Church workers say Latin America important to US foreign policy
The third presidential debate promised a foreign policy focus, but after participants paid scant attention to Latin America, church workers there spoke of the region’s importance to U.S. foreign policy.
“U.S foreign policy has a lot to do with Mexico” and Latin America, said Father Oscar Enrique, director of the Paso del Norte Human Rights Center in Ciudad Juarez. He listed trade — which is booming as companies bring back manufacturing from Asia to the Mexico-U.S. border region — as a top issue.
Father Enriquez also mentioned problems such as a flow of U.S. guns into Mexico and drug consumption in the United States, both of which feed Mexico’s cartel and organized crime violence.
A crackdown on organized crime and drug cartels, along with turf wars over trafficking routes to the United States, has claimed more than 50,000 lives in Mexico since 2006 — 10,000 of those in Ciudad Juarez, which borders El Paso, Texas.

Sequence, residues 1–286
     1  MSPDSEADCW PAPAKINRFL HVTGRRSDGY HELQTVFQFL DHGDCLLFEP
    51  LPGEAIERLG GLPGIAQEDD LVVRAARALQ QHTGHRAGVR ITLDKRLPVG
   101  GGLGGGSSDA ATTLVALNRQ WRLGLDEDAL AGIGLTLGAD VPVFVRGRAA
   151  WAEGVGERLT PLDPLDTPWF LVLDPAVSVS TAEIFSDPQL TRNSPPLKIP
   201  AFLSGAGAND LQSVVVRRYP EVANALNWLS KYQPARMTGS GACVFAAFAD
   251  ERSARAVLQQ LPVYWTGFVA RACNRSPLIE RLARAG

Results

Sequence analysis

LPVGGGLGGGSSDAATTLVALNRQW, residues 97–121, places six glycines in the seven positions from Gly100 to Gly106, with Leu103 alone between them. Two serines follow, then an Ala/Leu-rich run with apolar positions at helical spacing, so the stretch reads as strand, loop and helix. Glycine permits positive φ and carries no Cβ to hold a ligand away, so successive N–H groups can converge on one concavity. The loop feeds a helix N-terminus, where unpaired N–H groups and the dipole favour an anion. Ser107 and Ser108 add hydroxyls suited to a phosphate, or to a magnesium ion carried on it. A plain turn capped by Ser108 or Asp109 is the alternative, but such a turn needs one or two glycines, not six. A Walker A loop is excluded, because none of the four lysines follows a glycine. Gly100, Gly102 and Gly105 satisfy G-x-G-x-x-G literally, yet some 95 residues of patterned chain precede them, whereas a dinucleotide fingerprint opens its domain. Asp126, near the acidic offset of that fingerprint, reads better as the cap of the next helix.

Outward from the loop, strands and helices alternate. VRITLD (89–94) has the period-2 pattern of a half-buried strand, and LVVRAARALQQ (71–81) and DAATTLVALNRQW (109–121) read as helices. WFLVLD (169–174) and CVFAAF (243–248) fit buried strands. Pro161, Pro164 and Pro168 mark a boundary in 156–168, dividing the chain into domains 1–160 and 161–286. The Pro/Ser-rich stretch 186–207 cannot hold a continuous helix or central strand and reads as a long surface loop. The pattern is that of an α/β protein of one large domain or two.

“The United States has to be co-responsible for the situation in Mexico,” said Father Enriquez, who wants U.S. support for security projects in Latin America to be conditional on human rights being respected.
Neither President Barack Obama nor former Massachusetts Gov. Mitt Romney mentioned the murderous situation in some Latin American countries, including Honduras, where the homicide rate is more than 80 per 100,000 residents. San Pedro Sula, Honduras, supplanted Ciudad Juarez as the most murderous city in the world.
“Honduras is seeing the drug war at its highest,” said Juan Sheenan, country director for Catholic Relief Services in Honduras, which has become a transit country for cocaine flowing northward out of South America.
“People don’t realize what it takes to send these drugs to the United States,” Sheenan said.
Making matters worse in Honduras: the political fallout of a 2009 coup, which has weakened the country’s political and security institutions and led to increased corruption and impunity.
The security situation has made it difficult for Catholic Relief Services to carry out projects in Honduras’ urban areas, Sheenan said. [More]